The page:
Posted by Marek Bobik on Fri, Jun 18, 2010 @ 11:09 AM
Marek Bobik

Hydraulic and pneumatic material transport systems use pressurized fluids, often under high pressure, to do their work.  Failure in these types of systems can result in property damage, personal injury or even death.  Because of this potential it is essential to follow safe practices in assembling and working with pressurized systems and their components.

Motion & Flow Control Products, Inc. is committed to our customer's safe use of the products we supply.  As an authorized Parker Hannifin full-line fluid connector products distributor we can offer our valued customers and their employees training in Parker Hannifin's SafetyWorks program.

SafetyWorks training promotes awareness of the importance of following proper practices and maintaining safe conditions with regard to fluid systems. It is offered to help prevent injury to people and damage to property from escaping fluids and component failures.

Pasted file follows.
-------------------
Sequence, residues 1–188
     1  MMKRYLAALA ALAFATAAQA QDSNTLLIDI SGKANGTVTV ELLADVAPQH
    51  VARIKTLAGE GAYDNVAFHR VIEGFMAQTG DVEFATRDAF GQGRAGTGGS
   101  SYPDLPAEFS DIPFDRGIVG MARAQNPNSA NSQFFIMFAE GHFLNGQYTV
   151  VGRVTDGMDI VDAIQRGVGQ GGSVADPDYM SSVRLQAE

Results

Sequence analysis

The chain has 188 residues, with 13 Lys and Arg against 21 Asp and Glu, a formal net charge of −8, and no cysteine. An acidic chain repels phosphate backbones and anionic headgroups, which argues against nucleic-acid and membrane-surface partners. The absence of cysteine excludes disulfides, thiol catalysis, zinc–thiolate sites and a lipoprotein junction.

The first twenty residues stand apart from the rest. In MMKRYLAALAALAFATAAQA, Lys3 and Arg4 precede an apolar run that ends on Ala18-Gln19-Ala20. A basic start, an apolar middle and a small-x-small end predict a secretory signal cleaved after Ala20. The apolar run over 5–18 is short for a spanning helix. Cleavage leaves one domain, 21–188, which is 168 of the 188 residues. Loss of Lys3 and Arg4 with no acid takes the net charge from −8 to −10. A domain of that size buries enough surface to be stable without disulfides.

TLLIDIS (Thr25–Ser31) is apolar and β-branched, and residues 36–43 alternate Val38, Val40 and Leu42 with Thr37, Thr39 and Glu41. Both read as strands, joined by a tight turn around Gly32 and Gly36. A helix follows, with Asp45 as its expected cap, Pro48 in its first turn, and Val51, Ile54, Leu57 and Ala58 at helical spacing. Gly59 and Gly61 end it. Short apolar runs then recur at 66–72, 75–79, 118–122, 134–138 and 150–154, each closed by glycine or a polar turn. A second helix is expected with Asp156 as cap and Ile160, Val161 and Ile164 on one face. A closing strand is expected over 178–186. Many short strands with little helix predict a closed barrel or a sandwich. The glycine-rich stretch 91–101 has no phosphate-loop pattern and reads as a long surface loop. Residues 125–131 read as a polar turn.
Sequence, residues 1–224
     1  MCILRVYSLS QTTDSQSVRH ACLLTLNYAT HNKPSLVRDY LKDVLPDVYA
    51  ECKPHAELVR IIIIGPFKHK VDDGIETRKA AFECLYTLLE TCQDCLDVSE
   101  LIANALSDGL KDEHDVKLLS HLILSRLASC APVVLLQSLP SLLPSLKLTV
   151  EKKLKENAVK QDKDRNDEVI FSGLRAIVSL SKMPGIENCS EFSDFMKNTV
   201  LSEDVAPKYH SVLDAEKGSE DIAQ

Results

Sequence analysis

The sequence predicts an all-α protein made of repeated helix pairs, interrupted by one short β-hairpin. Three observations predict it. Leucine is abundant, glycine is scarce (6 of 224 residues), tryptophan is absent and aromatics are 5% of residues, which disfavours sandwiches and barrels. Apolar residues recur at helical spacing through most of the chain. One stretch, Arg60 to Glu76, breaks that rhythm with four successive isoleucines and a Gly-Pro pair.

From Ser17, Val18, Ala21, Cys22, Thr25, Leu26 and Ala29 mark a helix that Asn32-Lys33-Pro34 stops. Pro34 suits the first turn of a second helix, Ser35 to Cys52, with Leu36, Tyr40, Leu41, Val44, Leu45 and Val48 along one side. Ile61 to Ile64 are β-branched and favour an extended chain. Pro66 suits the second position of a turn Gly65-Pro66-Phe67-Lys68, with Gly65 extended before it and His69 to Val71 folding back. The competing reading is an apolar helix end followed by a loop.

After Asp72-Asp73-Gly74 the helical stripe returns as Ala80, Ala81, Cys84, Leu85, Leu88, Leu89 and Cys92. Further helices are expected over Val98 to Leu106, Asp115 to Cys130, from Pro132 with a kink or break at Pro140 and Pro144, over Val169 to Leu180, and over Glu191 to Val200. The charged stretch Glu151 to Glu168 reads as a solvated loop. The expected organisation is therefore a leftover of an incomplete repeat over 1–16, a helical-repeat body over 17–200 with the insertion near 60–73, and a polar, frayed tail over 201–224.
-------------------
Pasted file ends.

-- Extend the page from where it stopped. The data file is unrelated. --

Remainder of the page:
The program is a series of three 20 - 30 minute modules. They can be delivered within an existing training schedule or can be used as a supplementary program, for noon-time learning, at plant shift changes, or at the beginning or end of the day.  Here's an overview of the three training modules:   

Injection Injuries

Injection injuries can have potentially devastating outcomes. An injection injury may appear insignificant to an uninformed person, so workers may delay seeking treatment which can be extremely dangerous.  See our blog for a True Story About a Hydraulic Injection Injury.

S.T.A.M.P. Selection Process

Proper hose selection is critical to system performance and reliability. S.T.A.M.P. is a systematic method of product selection to assist in identifying fluid connectors and conductors for different applications.

SAE Hose Safety Standards

Improper selection or use of hose, tubing, fittings or related accessories can cause death, personal injury and property damage. By following safety standards when designing and/or using fluid systems, users can reduce the risk of these occurrences.

Posted by Karl Styrsky

Topics: maintenance, news